SuperData thinks that publishers are doing fine without E3

Research firm sees triple-A firms drawing big audiences with online shows

SuperData thinks that publishers are doing fine without E3

Triple-A games companies are seeing more engagement with their announcement events than they did for previous E3s.

That's according to Carter Rogers, principal analyst at research firm SuperData, who wrote in a blog post that the online showcases that companies including Sony, Microsoft and Ubisoft ran boasted huge viewer figures. This follows E3 being cancelled due to the COVID-19 coronavirus pandemic.

The June 11th PlayStation 5 reveal event boasted an average of 1.51 million viewers per minute on Twitch, compared to 940,000 for Microsoft's E3 2019 conference. Of course, this isn't a fair comparison given that the PS5 showcase is arguably a bigger deal that would draw a larger crowd than a regular press event. Oh, and Microsoft would have been pushing its E3 broadcast on its own Mixer platform rather than Twitch.

Ubisoft's Forward event on July 12th, meanwhile, drew an audience of 1.02 million average users per minute when it aired in July, compared to the 750,000 that the French firm's E3 2019 press conference attracted.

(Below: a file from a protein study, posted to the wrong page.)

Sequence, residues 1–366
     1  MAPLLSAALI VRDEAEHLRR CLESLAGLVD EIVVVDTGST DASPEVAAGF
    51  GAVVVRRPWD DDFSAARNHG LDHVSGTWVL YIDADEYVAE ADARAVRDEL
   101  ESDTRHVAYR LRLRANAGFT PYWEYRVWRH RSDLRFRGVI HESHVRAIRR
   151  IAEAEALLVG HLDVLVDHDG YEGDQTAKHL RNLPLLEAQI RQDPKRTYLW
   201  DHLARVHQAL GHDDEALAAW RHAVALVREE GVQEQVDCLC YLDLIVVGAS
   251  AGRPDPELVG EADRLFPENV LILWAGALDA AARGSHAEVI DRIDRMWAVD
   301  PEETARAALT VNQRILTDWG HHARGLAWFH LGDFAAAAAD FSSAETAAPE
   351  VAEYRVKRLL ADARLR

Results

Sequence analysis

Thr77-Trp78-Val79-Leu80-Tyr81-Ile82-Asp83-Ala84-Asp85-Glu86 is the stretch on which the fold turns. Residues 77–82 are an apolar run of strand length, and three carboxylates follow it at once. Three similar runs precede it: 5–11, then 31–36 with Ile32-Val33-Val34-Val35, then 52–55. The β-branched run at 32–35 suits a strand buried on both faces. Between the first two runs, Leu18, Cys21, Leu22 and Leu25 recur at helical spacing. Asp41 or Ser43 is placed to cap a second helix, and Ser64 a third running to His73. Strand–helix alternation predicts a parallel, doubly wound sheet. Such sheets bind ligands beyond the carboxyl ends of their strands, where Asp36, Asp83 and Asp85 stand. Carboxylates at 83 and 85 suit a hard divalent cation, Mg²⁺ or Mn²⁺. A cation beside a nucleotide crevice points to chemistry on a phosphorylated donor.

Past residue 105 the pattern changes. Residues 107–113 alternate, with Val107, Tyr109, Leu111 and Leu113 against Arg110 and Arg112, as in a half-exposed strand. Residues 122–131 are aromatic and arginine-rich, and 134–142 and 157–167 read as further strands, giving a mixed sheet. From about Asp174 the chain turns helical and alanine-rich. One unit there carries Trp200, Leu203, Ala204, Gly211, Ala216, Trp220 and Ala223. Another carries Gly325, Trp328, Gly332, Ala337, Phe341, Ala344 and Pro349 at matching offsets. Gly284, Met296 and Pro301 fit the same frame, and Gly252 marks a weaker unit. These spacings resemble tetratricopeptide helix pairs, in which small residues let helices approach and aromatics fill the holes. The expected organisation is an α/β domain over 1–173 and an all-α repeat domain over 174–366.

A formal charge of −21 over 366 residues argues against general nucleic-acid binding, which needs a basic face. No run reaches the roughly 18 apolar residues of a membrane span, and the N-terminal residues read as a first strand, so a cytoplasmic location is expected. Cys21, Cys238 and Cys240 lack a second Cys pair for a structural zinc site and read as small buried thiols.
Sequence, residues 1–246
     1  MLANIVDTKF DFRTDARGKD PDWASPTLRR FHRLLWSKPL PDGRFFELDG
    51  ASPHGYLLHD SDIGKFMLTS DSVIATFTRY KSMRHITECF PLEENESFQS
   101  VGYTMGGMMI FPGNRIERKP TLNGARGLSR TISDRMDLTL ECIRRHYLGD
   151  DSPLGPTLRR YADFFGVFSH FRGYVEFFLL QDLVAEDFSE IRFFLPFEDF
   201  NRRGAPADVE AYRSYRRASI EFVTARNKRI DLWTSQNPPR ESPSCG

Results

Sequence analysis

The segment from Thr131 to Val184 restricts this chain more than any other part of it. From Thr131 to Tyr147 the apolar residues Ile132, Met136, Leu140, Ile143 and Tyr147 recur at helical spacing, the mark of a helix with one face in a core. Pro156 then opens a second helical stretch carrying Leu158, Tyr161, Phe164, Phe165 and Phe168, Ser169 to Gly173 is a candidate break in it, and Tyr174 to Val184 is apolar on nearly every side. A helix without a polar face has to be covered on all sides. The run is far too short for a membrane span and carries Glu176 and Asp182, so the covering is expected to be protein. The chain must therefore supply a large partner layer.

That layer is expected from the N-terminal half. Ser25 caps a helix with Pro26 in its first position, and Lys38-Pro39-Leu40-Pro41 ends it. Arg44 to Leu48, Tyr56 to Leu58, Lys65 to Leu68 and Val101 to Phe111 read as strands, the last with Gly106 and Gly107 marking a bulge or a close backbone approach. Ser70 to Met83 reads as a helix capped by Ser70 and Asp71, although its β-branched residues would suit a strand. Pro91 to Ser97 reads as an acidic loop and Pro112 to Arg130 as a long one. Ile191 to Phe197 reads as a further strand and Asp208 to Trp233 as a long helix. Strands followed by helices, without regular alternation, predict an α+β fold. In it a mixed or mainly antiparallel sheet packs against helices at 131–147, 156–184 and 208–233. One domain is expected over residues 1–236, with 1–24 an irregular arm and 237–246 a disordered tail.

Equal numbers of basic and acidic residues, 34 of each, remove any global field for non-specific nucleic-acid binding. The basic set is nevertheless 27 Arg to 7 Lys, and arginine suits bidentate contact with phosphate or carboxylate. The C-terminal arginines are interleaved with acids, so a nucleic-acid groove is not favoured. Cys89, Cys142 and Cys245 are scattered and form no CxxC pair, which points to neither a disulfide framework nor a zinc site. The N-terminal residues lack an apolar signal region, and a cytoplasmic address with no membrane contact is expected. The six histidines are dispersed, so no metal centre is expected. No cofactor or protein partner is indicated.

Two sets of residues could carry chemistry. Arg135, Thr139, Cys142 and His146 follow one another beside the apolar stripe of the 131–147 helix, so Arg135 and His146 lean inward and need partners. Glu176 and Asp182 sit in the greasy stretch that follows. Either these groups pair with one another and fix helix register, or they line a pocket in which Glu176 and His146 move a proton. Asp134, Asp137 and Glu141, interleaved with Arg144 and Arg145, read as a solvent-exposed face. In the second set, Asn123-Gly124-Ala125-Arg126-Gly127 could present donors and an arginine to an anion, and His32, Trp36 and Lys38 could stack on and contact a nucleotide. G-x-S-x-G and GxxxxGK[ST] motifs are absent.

Doing just fine

"The results of switching to remote conferences in 2020 show that triple-A publishers are fine skipping E3 or other events if they so choose, at least when it comes to generating coverage," Rogers concluded.

"However, smaller publishers and developers benefit from proximity to bigger announcements. The organisers of virtual events like Guerrilla Collective and the Future Games Show should be commended for putting on showcases this summer, but these probably can’t replace the attention-grabbing value of a big conference. (That’s to say nothing of the non-marketing benefits of events including business development and networking opportunities)."

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PCGamesInsider Contributing Editor

Alex Calvin is a freelance journalist who writes about the business of games. He started out at UK trade paper MCV in 2013 and left as deputy editor over three years later. In June 2017, he joined Steel Media as the editor for new site In October 2019 he left this full-time position at the company but still contributes to the site on a daily basis. He has also written for, VGC, Games London, The Observer/Guardian and Esquire UK.